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Villa Rothschild, Königstein, Taunus, near Frankfurt, Germany

Königstein in Taunus on the outskirts of Frankfurt was built in 1887 for Hannah Mathilde von Rothschild and her husband Willy Carl to use as a summer residence in the later years of their marriage. The villa was designed by the architects Armand-Louis Bauqué and Emilio Pio.

Like other German Rothschild houses, it owed some of its inspiration to Eastern styles, but its setting in vast parklands was in keeping with the style of an English country manor. The Empress dowager Victoria and the Prince of Wales attended the opening. The Empress was a close friend of Hannah Mathilde, and when her husband, the Emperor Frederick III, died in 1888, the Empress had a house built only a few miles away. The two women were part of the same artistic circle and the Königstein visitors' book contains drawings by a number of contemporary artists, as well as dedications from distinguished guests, including Emperor Wilhelm II.

On Hannah Mathilde's death in 1924, the house passed to her son-in-law, Maximilian Benedict Hayum Goldschmidt-Rothschild (1843-1940). He lived in grand style in Frankfurt’s Bockenheimerstrasse, with a vast collection of old masters and Renaissance silver, which he was forced to sell to the state for a fraction of its true value during the war. Although his house was taken from him, he was allowed to remain in it, where he died peacefully in his sleep aged 97 in 1940.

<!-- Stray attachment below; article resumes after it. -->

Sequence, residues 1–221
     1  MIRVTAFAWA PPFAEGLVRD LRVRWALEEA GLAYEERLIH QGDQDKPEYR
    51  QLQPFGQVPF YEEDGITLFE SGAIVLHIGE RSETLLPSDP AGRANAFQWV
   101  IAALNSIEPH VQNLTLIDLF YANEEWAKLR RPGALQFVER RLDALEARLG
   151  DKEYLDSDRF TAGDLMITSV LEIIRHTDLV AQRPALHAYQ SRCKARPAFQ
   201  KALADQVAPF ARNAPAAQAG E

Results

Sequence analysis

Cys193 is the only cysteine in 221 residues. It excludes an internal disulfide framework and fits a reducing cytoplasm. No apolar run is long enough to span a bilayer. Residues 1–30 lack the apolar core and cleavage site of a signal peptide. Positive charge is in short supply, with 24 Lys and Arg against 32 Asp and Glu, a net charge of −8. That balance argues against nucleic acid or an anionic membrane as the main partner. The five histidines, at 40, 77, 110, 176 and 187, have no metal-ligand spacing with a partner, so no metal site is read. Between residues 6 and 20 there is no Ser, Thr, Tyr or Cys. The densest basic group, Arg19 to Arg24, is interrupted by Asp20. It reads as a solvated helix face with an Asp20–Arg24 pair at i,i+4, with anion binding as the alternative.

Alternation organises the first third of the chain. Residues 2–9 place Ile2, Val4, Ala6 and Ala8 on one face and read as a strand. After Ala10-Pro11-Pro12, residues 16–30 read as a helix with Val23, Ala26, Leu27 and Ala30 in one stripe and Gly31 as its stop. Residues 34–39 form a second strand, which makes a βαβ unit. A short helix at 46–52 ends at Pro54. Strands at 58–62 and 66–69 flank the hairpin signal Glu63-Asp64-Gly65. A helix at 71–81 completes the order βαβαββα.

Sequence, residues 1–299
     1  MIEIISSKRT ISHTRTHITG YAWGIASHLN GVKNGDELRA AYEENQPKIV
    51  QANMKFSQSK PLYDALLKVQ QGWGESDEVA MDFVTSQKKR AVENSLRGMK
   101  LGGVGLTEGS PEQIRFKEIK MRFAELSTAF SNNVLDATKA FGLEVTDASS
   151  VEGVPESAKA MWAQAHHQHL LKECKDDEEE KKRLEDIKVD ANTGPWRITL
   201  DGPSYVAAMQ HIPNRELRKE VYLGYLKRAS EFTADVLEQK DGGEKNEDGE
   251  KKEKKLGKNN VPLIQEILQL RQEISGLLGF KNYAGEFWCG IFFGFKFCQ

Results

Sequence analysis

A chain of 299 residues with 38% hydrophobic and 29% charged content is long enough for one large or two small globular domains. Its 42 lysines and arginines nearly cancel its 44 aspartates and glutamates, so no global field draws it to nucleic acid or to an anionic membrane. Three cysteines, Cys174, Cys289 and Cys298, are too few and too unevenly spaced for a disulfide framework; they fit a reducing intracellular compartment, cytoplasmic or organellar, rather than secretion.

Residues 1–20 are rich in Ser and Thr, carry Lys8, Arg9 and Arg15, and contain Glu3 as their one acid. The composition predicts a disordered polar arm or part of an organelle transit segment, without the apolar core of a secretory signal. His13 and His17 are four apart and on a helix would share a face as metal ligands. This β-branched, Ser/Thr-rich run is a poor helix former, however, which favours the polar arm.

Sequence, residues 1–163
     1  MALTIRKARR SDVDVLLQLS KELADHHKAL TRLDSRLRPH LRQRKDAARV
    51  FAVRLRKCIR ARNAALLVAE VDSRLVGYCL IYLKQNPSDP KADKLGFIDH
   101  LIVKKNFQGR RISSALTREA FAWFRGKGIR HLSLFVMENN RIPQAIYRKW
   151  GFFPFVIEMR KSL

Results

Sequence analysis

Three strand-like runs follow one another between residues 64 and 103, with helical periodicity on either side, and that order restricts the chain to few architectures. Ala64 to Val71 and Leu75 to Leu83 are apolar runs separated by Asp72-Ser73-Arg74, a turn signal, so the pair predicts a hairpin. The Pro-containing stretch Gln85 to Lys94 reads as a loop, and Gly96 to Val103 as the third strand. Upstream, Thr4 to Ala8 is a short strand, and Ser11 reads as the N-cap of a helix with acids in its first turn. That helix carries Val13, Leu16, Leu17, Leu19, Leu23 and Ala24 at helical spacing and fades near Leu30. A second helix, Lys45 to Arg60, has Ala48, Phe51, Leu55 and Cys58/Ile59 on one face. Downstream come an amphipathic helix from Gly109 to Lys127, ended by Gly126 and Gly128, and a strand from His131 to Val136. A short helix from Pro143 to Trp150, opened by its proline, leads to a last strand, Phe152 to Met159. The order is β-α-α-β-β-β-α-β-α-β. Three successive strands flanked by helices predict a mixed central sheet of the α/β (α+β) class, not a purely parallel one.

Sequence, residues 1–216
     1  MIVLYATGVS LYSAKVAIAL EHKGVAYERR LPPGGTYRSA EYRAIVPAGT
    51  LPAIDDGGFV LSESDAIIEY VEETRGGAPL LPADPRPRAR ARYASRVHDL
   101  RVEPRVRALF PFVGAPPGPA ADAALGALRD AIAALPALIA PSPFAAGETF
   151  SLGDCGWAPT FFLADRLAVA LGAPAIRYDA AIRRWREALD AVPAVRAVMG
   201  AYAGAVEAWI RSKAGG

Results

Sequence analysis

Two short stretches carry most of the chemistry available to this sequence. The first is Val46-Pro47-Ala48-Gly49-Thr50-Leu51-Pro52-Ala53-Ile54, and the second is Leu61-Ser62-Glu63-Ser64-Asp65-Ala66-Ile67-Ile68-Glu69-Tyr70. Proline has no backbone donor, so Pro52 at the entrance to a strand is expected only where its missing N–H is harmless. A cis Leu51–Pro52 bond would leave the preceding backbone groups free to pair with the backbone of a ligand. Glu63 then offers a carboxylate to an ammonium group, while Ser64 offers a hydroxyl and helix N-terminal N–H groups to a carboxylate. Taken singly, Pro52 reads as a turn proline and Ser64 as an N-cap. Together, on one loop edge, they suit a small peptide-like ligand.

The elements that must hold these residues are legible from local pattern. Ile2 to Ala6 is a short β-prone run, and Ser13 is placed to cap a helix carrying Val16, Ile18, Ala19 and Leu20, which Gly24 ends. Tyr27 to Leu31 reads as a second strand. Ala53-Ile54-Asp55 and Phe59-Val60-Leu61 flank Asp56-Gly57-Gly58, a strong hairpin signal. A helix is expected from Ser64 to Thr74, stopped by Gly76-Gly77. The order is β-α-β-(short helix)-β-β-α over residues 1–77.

Rudolf von Goldschmidt-Rothschild (1881-1962) inherited his father Max's love of art and studied painting at the Munich Academy. In 1911, he married Betty Lambert (1894-1969), daughter of the Brussels Banker Leon Lambert, and the French Zoë Lucie Betty (Lucie) de Rothschild (1863-1916). He divorced and remarried in 1923, to Marie-Anne von Friedlander-Fuld of the wealthy Berlin family. Divorced again, from 1936 he spent much of his time with his widowed sister Luci, Baroness von Spiegel, near Vevey by the shores of Lake Leman in Switzerland.

He inherited the Villa Rothschild, Königstein upon his father's death. Upon hearing that it had been attacked early in the war, he remained in Switzerland and never left. In 1955, he sold the Villa Rothschild to the town of Königstein.

For many years it was a hotel, Der Sonnenhof. Today it is part of the Kempinski hotel group, trading under the name Villa Rothschild Kempinski.

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